A 2000 study published in the Journal of Family Practice found that print DTC advertisements were informative, but lacked important information about the conditions and treatment for which the drugs were used. Research presented at a 2003 FDA public meeting on DTC showed that television advertisements for drugs presented risk information in a manner which was difficult to understand or recall, or was sometimes even misleading. A follow-up presentation in 2005 by the same researchers showed that television ads could be modified to make risk information easier to understand and recall.
In June, the AMA crafted a new policy regarding DTC advertising. It calls for a better balance between the presentation of benefit and risk information and wants the FDA to pre-approve all DTC advertisements and impose a moratorium on DTC advertising for new prescription drugs while physicians become properly educated about them.
This could prove problematic, because the FDA isn’t sufficiently staffed to take on the gargantuan task of pre-approving every DTC advertisement and negotiating a moratorium for every newly developed drug. Additional staffing would require more funding for the FDA, either through congressional appropriation or by imposing a prescription drug user fee, which could have a dramatic effect on health care costs.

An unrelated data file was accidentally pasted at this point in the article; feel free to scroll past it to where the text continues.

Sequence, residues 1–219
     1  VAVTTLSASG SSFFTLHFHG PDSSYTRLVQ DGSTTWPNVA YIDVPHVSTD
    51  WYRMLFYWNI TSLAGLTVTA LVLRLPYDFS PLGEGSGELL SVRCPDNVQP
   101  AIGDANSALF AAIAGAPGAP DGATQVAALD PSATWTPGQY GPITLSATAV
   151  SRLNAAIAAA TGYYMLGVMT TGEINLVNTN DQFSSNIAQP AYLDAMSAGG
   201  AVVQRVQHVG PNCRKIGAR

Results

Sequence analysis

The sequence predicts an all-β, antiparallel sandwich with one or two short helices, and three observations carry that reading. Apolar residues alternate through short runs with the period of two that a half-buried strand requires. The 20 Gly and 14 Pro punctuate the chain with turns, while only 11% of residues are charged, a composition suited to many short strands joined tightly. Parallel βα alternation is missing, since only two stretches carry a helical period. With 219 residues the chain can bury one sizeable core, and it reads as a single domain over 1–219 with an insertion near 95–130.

In an attempt to short-circuit attempts to impose guidelines through legislation, the Pharmaceutical Research and Manufacturers of America developed a set of voluntary guidelines, which are remarkably similar to the AMA’s policy.
Ronald Davis, M.D., president of the AMA from June 2007 to June 2008, said the AMA’s policy also calls for additional research on DTC advertising to determine its effect on overall health outcomes, the patient-physician relationship and health care costs.